New Zealand Medical Association opposed to ‘Assisted Dying’.

“Acting with the primary intention to bring about death cannot be reconciled with the core medical ethical principles of beneficence and non-maleficence”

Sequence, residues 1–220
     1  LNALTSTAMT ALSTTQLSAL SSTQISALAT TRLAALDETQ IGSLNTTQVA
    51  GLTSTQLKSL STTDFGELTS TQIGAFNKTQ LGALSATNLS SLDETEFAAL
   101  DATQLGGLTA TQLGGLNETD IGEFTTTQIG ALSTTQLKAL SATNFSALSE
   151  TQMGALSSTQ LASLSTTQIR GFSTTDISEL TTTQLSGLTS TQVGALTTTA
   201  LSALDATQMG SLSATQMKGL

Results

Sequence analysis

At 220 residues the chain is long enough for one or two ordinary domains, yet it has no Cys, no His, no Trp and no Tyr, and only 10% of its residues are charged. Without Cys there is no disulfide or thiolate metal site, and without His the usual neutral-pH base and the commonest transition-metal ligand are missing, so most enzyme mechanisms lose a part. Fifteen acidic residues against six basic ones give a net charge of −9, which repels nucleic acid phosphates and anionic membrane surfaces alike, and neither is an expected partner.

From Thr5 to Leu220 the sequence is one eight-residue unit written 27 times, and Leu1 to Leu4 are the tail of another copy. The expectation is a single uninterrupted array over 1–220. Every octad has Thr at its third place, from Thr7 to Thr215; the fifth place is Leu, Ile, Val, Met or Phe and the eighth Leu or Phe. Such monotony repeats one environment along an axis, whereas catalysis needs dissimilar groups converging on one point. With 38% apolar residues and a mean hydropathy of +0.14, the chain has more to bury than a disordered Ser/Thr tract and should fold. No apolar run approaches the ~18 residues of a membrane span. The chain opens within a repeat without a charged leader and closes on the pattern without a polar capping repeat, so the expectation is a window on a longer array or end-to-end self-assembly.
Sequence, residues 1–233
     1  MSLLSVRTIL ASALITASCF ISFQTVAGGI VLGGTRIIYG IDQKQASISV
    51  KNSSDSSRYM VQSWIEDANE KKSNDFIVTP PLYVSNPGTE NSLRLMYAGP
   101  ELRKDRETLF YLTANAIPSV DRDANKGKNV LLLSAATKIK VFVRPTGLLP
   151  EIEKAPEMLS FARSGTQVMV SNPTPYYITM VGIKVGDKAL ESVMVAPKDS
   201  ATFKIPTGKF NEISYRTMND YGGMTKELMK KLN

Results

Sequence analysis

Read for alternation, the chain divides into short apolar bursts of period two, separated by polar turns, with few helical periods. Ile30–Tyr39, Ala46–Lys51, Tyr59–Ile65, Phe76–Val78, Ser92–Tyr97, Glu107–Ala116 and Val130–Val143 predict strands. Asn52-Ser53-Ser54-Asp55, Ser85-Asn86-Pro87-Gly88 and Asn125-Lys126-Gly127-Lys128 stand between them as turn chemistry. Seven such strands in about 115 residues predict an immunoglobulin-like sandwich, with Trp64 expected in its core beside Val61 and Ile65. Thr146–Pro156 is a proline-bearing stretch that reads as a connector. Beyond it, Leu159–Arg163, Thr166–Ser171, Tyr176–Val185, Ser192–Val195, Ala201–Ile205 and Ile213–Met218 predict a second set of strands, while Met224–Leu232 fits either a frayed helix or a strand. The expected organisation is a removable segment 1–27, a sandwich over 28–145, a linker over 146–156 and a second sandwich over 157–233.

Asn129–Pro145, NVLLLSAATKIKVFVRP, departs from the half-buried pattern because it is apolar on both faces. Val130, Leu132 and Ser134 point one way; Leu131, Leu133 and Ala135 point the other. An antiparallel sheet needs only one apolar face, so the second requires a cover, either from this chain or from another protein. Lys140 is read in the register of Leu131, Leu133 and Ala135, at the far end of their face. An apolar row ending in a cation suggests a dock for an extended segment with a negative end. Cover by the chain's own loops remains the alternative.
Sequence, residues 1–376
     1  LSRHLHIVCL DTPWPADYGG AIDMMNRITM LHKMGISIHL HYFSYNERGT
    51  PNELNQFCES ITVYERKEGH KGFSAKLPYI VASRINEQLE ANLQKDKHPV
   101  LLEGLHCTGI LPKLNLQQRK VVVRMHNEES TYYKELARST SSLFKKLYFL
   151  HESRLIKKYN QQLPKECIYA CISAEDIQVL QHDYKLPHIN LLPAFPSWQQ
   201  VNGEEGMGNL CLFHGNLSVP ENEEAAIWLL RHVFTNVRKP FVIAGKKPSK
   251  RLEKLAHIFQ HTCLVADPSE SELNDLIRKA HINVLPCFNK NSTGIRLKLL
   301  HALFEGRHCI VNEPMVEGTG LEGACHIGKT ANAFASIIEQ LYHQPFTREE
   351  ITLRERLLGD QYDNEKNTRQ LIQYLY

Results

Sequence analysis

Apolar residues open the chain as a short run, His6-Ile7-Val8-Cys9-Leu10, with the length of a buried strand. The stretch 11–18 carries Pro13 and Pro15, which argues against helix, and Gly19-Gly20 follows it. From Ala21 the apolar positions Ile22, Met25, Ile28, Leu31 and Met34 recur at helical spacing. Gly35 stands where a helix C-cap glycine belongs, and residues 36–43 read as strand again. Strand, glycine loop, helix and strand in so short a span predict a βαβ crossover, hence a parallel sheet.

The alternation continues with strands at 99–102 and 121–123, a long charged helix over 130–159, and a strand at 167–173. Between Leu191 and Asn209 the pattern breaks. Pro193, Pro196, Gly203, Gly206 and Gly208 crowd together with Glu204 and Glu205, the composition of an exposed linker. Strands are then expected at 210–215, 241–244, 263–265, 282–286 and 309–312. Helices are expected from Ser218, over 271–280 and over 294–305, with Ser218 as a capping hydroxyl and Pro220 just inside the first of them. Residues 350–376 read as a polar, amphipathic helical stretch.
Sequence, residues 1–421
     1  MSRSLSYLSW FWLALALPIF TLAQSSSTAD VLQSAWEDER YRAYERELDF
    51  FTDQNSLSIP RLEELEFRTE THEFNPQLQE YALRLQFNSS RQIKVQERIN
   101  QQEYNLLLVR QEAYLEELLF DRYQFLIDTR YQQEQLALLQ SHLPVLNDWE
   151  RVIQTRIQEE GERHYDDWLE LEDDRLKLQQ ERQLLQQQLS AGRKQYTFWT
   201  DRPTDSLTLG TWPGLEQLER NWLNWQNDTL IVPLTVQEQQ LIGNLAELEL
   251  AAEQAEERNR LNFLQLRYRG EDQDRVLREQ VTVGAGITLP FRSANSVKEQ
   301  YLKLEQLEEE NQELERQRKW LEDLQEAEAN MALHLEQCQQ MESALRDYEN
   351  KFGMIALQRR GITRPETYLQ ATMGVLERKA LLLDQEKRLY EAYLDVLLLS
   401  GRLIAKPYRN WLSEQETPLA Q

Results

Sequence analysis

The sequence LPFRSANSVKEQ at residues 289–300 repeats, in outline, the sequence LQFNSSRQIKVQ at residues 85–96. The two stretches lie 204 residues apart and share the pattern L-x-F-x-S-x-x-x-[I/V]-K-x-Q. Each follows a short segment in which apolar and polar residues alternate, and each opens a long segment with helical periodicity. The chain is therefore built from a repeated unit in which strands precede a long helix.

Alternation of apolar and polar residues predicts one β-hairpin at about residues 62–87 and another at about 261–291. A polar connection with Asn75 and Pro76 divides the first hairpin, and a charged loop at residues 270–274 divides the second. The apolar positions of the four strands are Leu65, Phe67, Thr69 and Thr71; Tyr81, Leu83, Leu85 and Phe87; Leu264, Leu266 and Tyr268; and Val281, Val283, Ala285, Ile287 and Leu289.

The New Zealand Medical Association (NZMA) has submitted its view of a Private Member’s Bill which is before the NZ Parliament and, predictably, is described as an End of Life Choice Bill – though its real aim is legalise physician-assisted suicide and physician-administered euthanasia.  The NZMA concludes that “our analysis of both the ethical and practical issues raised by euthanasia and doctor-assisted suicide confirms our view that these practices would be harmful to individuals, especially vulnerable people, and society” and that such a law “would also profoundly alter the role and responsibilities of the medical profession and the doctor-patient relationship”.  It cannot, writes the NZMA, be reconciled with the do-no-harm principle underpinning clinical ethics.